I believe the current theory is that the object came in from the west south west and broke up in the atmosphere before impact first striking the glaciers that covered most of North America. Then other fragments impacted Greenland and Europe with many of them striking into the oceans. Impact number 22 fragment isn’t the beginning but the end point discovered so far... and I know it’s misleading looking at the map but most of the fragments haven’t been discovered as they are in the Atlantic ocean or the North Sea or under the ice of Greenland or just buried in time due to the strike taking place I was 13,000 years ago.
 

Ron in Regina

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The ejecta pattern suggests that it exploded somewhere around #22 up in the high atmosphere and bits dropped out of orbit downrange.

I wonder if that massive air burst in the heavens made it into our oral tradition and later religious writings? It's not THAT long ago.
I see where you're coming from, and a debris field (like with the Titanic) is usually a starting point outwards in a fan shape. If this broke apart in the upper atmosphere then that concept goes out the window though. There would be debris in the Pacific Ocean, then across the Americas, carrying on in a WNW direction with many pieces ending up in the oceans confusing the pattern you're envisioning.
 

Curious Cdn

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I see where you're coming from, and a debris field (like with the Titanic) is usually a starting point outwards in a fan shape. If this broke apart in the upper atmosphere then that concept goes out the window though. There would be debris in the Pacific Ocean, then across the Americas, carrying on in a WNW direction with many pieces ending up in the oceans confusing the pattern you're envisioning.
You'll still see a crater somewhere if it impacted the surface as a relatively whole object. You'd even find one on a sea bed. This just happened yesterday.

It must have been one hell of an airburst, if that's what happened. It would have been hundreds of megatons, like a whole bunch of Tsar Bonmbas going off at once, to throw stuff so far. Anyway, our Mesolithic ancestors survived it and it was right around then that we humans started to take off, so a reasonably sized asteroid or comet does not spell the end of everything.
 
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Ron in Regina

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You'll still see a crater somewhere if it impacted the surface as a relatively whole object. You'd even find one on a sea bed. This just happened yesterday.....

Theory is that many hit the glaciers covering much of N.A. that where 1-2 miles thick in places. Not sure how that plays in. The podcast LINK several posts up is interesting as Hell as a debate moderated by Joe Rogan. Miles deep of water (784 times more dense than air) or miles of ice and 12,800 years of time could affect what you'd expect to see for craters. They have one and maybe two actual craters in Greenland preserved under the ice instead of weathered by melting glaciers.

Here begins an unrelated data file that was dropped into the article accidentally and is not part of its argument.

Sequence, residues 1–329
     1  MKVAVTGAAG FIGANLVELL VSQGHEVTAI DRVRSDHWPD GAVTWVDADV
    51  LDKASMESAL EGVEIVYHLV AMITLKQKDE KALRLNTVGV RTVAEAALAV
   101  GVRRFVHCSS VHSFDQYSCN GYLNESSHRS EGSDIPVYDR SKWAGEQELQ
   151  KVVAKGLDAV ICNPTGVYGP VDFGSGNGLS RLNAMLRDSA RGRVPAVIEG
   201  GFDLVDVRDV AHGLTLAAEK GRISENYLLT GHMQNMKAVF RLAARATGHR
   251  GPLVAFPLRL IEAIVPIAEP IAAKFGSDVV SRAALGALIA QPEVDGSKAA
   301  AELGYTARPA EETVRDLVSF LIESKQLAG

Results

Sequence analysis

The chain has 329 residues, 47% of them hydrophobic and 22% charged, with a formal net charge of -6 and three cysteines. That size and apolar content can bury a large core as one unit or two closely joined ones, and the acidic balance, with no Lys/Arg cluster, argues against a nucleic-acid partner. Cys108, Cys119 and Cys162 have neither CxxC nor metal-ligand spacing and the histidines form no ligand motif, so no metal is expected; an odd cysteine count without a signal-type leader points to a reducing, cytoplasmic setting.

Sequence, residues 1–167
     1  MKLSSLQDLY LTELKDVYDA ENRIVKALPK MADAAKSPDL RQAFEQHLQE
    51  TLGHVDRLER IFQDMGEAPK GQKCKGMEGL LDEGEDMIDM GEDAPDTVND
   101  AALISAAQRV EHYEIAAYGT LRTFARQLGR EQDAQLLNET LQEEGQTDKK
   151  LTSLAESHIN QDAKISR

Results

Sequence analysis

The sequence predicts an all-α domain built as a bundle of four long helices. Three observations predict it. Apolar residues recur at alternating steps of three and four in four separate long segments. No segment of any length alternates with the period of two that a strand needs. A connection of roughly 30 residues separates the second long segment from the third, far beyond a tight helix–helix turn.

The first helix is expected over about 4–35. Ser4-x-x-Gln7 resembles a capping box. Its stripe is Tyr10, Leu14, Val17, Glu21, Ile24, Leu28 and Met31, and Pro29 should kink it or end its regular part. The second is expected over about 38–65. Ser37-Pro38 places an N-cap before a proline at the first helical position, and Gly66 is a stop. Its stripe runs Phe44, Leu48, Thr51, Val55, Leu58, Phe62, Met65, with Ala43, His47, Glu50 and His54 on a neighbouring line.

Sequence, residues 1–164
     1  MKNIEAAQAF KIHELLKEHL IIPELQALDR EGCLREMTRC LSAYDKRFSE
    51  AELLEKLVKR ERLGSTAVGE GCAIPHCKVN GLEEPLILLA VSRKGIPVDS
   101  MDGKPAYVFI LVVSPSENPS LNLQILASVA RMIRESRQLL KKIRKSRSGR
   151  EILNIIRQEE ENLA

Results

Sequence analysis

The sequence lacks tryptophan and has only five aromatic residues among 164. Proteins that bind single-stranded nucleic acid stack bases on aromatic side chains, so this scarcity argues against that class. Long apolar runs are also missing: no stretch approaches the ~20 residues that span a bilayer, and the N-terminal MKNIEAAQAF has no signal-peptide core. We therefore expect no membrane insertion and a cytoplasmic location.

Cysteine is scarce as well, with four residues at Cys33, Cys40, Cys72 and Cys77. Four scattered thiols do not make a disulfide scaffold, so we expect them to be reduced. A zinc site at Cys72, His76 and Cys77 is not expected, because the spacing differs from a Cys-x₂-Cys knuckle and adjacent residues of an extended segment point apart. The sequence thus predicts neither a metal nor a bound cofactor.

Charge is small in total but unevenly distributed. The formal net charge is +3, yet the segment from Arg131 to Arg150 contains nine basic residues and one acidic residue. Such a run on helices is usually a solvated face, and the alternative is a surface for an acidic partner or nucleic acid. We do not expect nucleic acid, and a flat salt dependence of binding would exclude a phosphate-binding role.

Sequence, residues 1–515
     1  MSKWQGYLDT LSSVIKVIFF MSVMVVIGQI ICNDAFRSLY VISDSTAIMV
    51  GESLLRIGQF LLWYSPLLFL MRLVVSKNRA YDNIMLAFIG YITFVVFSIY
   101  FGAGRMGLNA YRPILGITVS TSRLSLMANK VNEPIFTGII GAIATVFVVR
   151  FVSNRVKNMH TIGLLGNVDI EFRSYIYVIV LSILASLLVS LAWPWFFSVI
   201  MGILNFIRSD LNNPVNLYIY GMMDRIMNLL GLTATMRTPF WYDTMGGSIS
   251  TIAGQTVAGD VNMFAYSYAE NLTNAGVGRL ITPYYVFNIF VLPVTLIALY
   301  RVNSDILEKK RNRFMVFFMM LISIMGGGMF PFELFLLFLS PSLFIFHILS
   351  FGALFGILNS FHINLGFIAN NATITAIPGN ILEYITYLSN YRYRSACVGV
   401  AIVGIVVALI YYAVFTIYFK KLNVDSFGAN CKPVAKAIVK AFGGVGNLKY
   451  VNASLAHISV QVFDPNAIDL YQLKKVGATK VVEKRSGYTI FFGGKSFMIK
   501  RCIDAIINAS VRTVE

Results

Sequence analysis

Picture back when this was suppose to have happened. North America under glaciers, the Sahara being Green, and the Bearing sea being a continent sized unglaciated landmass much larger than modern day Alaska (the sea level being 400ft lower than today), and Florida being twice the width that it is today. Look back 12,800 years Before present or so at the temp graph below:


Look at the Bearing Sea before this time. Look at Indonesia. Greenland is connected to Canada by a big landmass. The Mediterranean and the Red Sea would have been fresh water lakes. England & Ireland & Scotland are physically part of Europe. Iceland is HUGE. What would the Hawaiian Islands have looked like?


Check out on Vancouver Island...

 

Danbones

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The ejecta pattern suggests that it exploded somewhere around #22 up in the high atmosphere and bits dropped out of orbit downrange.
I wonder if that massive air burst in the heavens made it into our oral tradition and later religious writings? It's not THAT long ago.
TRY reading revelations. They describe it quite well there.
;)
Though I doubt you have the acumen to understand that, or I wouldn't have to explain it to you now, you would already know.
 

Cliffy

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TRY reading revelations. They describe it quite well there.
;)
Though I doubt you have the acumen to understand that, or I wouldn't have to explain it to you now, you would already know.
Revelations are the rantings of a person freaking out on ergot. If you understand it, well...
 

Curious Cdn

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TRY reading revelations. They describe it quite well there.
;)
Though I doubt you have the acumen to understand that, or I wouldn't have to explain it to you now, you would already know.
I like the Viking version better with "the Four Norsemen of the Apocalypse".
 

Walter

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That meteor caused climate change. Where's Greta, "How dare you, you mean old meteorite."